Glacier is an extended mass of ice formed from snow falling and accumulating over the years
and moving very slowly, either descending from high mountains, or moving outward from centers of accumulation. Glaciers exist in high mountains throughout the temperate zones and cover most of Antarctica. Glaciers recede during warm periods and can expand during cold periods. A significant percentage of the water of the Earth is locked up in glaciers.
                         Today, glaciers contain nearly 75% of the world’s fresh water supply in ice that covers about
10% of land area. In contrast, ice covered as much as 30% of total land area during the most recent ice age. The largest concentration of ice today is the Antarctic ice sheet, up to 4,200 meters thick in some areas, and in the Greenland ice sheet. The remainder of glaciers is located in mountain regions and in ice caps in polar seas. If climate were to suddenly warm enough to melt all land ice, there would be a ecstatic sea level rise of about 70 meters. Sea level has risen about 100 meters since the last glacial maximum 20,000 years ago.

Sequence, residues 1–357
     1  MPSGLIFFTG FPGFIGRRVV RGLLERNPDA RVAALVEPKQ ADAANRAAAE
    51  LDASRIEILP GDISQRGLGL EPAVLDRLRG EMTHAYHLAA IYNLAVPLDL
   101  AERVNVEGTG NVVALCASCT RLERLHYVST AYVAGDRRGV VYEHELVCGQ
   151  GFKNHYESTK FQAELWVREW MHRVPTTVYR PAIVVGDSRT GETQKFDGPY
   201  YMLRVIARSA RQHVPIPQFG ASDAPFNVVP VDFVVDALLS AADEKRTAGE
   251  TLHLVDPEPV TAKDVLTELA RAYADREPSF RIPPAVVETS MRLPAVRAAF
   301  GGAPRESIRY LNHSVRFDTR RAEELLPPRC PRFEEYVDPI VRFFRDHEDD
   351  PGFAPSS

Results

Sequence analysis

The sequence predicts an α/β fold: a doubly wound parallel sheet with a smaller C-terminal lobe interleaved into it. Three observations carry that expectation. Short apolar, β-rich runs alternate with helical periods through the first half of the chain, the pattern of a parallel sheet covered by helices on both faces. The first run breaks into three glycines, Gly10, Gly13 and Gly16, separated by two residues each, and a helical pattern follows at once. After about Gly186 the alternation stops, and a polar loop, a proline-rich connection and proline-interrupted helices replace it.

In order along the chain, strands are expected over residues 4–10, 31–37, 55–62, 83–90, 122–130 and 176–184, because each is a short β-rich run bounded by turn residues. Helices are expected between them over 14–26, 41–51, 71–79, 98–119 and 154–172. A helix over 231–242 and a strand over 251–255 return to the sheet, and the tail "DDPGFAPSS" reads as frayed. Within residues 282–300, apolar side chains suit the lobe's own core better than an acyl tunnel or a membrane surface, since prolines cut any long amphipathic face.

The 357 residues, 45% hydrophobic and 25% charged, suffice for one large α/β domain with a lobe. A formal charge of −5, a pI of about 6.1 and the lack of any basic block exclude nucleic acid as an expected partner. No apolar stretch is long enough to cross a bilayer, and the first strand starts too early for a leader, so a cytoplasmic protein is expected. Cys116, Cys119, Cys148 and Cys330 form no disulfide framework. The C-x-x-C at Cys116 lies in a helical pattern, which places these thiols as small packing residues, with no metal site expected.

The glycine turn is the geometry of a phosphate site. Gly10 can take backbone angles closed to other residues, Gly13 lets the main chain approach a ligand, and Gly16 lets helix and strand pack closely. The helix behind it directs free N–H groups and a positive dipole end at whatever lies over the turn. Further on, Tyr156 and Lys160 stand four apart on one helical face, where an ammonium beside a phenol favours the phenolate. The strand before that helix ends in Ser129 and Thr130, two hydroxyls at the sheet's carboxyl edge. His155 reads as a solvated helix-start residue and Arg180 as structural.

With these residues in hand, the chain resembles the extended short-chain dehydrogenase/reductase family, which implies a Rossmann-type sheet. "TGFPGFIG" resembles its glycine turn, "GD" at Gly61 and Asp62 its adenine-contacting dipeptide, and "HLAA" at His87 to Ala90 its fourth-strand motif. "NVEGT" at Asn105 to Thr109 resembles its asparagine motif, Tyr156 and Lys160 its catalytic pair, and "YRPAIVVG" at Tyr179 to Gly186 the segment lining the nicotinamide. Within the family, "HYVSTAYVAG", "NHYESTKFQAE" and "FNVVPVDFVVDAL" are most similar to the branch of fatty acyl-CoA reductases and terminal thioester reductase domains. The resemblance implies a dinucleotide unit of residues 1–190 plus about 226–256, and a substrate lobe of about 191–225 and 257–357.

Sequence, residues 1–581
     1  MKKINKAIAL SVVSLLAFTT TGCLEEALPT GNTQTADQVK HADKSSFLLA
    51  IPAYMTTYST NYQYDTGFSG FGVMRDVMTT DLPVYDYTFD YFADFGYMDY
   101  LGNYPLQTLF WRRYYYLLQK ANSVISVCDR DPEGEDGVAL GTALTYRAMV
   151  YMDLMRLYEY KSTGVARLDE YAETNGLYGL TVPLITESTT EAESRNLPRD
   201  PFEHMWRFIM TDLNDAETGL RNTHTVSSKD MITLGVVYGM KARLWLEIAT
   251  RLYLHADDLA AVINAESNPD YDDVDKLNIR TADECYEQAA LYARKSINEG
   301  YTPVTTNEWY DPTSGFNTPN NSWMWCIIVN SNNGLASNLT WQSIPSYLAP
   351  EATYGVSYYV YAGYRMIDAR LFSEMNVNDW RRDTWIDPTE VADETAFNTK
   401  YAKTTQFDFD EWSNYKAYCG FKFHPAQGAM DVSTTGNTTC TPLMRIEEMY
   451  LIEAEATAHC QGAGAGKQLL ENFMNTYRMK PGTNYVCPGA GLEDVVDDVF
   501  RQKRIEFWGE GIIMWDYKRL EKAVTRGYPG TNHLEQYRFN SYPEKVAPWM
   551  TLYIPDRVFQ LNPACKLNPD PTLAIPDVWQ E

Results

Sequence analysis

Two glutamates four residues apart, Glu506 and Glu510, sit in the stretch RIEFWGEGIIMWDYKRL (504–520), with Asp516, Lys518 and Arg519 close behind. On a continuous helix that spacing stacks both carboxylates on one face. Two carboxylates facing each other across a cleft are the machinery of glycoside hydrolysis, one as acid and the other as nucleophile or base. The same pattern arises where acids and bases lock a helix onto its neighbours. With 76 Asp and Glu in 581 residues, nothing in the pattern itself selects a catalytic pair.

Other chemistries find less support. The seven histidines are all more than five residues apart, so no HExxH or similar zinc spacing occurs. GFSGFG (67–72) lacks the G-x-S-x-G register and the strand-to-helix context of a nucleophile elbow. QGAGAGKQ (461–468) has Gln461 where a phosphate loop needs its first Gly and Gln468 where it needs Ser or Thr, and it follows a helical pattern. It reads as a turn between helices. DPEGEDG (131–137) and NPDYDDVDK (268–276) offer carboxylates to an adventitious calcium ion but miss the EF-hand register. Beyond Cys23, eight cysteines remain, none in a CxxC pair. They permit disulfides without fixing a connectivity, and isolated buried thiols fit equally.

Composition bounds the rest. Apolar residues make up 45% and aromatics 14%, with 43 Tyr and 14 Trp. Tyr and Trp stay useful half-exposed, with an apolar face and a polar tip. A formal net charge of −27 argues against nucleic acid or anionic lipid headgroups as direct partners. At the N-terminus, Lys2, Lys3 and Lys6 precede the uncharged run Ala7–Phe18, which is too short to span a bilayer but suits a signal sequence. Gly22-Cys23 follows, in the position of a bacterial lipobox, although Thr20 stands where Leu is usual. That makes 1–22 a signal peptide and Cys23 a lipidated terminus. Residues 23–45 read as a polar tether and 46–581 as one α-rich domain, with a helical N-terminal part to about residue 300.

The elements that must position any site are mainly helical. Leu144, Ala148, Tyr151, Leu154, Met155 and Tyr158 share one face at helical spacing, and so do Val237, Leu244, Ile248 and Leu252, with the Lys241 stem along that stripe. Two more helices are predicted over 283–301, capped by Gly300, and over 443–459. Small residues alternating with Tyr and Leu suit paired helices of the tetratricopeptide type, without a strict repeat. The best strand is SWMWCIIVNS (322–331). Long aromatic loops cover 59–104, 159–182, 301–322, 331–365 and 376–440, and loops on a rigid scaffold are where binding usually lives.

There are seven main ways that humans use glaciers (or their landscapes), these are: Tourism, Energy Production, Water Supply, Quarrying, Agriculture, Transport / Communication, Settlement.



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